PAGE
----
The governing principal of CC Africa’s activities is of course the interactive exploitation of the landscape in a manner sensitive to both the people associated with it and the wildlife it supports. Giving back to the community, especially when the community has either a current or a historical claim to the land, is not only the right thing to do in the modern context, but it also shows a high degree of political savvy, and no small amount of business acumen. By the founding in 1992 of Africa Foundation, the directorship of CC Africa’s set the standard for the acceptable face of commercial conservation, and has since raised and committed over US$5.5 million to community development projects in five African countries. Obviously this program is not entirely philanthropic in outlook, and indeed sits very comfortably in the portfolio of activities of a commercial company trying to pioneer a new ideology in venture travel. CC Africa has, however, proved that commercial ecotourisim is viable, and in doing so it has won friends in many areas, and in a number of countries where rapid and urgent action remains necessary if dwindling wilderness areas are to survive.
If you can, do it…
Luxury travel, of course, is an easy sell, and there are few with the money and interest who would not be overwhelmed by the products available in the CC Africa catalog. What is on offer more or less is a retrospective of the great days of privilege and indulgence associated with colonial Africa, presented in a static, safe and luxurious environment. CC Africa owns or operates some 16 exclusive wildlife and game lodges in six African countries. South Africa, Botswana and Tanzania are the principal destinations, but operations also extend to Kenya, Namibia and Zimbabwe. At each of these venues standards are extremely high, with a combination of lodge and tented camps either on private reserves, or associated, or adjacent to major wild life areas such as Kruger National Park, the Matetsi Safari Area in Zimbabwe, and the Ngorongoro Crater in Tanzania.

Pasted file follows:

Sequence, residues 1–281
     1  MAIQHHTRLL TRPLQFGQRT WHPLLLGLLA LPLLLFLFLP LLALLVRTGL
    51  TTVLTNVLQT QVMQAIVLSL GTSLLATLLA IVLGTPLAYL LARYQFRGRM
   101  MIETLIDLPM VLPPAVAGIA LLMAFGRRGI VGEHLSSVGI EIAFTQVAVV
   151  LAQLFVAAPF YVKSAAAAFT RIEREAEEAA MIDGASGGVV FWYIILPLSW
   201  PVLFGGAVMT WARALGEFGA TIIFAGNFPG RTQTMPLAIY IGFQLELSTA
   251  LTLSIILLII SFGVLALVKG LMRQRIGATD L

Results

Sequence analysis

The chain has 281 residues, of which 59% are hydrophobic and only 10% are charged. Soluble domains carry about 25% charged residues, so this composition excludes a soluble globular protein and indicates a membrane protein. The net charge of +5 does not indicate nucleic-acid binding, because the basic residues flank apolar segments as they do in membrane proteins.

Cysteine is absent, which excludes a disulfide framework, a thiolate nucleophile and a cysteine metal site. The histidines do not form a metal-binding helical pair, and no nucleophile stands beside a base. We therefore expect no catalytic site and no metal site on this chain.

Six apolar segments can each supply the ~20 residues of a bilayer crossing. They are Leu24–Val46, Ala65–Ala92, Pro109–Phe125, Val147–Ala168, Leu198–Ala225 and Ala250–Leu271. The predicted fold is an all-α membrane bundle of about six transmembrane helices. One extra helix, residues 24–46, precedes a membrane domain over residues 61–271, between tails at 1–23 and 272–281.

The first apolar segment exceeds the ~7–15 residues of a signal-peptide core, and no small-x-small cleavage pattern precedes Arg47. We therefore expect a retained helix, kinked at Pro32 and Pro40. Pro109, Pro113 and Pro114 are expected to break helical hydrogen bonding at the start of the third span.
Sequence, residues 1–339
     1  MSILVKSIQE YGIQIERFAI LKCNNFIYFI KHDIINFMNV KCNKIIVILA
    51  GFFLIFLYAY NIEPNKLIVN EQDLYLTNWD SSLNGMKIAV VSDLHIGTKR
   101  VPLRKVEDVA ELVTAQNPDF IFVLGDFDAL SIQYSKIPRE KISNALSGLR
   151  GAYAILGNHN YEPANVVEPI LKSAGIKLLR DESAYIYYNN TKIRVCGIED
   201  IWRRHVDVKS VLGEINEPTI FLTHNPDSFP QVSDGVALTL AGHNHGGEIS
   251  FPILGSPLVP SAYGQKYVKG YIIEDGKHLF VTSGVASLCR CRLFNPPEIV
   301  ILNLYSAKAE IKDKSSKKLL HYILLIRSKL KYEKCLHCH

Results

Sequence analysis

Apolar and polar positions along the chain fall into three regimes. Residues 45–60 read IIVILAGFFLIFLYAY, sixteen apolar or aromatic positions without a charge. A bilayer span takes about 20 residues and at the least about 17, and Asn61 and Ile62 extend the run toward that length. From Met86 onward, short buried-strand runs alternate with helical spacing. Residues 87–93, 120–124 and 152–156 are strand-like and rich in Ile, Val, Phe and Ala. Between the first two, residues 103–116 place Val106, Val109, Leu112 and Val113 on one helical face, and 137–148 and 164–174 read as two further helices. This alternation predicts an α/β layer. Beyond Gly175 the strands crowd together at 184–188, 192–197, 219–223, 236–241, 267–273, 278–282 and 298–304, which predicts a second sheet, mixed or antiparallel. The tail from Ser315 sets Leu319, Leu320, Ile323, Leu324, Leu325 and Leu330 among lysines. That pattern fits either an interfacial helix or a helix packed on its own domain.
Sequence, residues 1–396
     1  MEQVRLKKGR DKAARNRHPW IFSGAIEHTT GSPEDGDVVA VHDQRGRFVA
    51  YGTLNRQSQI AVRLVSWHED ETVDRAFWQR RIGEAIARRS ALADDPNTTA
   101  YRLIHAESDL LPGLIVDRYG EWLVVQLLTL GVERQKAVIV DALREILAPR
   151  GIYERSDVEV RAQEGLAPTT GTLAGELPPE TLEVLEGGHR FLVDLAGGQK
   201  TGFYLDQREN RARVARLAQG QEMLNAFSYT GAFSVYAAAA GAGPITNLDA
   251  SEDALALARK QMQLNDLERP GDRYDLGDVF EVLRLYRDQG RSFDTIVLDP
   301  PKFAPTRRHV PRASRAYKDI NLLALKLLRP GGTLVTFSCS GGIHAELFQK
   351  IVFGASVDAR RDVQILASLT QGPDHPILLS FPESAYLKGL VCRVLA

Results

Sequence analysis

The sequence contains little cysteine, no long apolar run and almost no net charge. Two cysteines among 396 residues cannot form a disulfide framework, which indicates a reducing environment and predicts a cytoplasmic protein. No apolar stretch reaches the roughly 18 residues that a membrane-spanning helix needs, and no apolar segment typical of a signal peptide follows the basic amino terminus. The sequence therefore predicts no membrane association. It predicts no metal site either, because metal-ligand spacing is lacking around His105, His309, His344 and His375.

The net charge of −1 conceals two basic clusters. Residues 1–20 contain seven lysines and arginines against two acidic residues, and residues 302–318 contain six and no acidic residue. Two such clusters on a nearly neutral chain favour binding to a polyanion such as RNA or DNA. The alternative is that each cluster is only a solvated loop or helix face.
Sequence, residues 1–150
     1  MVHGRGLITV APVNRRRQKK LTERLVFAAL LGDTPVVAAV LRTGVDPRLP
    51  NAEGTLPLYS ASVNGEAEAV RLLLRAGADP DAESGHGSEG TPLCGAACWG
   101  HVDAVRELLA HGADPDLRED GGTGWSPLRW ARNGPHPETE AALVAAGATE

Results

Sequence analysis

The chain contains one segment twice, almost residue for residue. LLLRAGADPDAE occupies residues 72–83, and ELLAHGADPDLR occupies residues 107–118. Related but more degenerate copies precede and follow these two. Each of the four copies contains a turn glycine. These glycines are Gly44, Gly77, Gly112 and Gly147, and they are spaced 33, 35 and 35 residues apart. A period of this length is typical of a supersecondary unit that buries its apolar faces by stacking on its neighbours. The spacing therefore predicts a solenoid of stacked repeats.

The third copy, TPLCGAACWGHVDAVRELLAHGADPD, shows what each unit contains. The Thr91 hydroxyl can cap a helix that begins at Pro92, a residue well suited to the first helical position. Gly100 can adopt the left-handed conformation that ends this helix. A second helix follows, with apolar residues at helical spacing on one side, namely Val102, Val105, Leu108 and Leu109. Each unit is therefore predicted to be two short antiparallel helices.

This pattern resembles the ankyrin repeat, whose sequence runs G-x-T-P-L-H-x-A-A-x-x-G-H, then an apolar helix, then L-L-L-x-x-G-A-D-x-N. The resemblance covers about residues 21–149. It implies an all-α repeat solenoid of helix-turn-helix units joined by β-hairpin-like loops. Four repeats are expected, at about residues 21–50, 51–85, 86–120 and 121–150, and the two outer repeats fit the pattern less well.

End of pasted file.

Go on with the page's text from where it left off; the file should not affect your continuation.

None of these facilities come cheap, however, and a visitor to any CC Africa destination can anticipate a hefty tariff. However, to the discerning traveler, much is offered in return. It goes without saying that accommodation standards are world class, that the natural environments rank among the finest on the planet, and that the standards of professional guiding available are among the highest in the industry. If, however, there is an element of post modern excess about it all, then that is simply in the nature of the industry, for even in the best days of the British Raj it would only have been princes or nobles who could have hoped to enjoy this type of indulgence. But thank God for post modernism I say, and long may the cutting edge of African luxury travel survive.
In addition to accommodation CC Africa also offers tailored safari services throughout the region that stitch together these static facilities in a safe and informative way. This is, after all, why people come to Africa, and the standards of guiding and safari operations in the region are universally high. Safaris typically combine elements of camp and lodge, with nights fairly evenly divided between canvas and thatch. Long evenings can be spent clashing crystal wine glasses around a teak wood dining table, or sharing the night sounds around a campfire under the waning southern cross, and with days spent in intimate commerce with the nature and wildlife that has no parallel anywhere in the world.
This is, of course, not to imply that the bush is all there is. Africa is a cultural kaleidoscope from north to south. It is a region of historical fascination; a land of mountains, of lakes and seashores; of Catholicism and Islam; of whales and battlefields; of black and white, and everything in between. It is a Mecca for food, drink, music and society, and much, if not all of this, can in one way or another be found in a CC Africa safari itinerary.
Photo Credits: Conservation Corporation Africa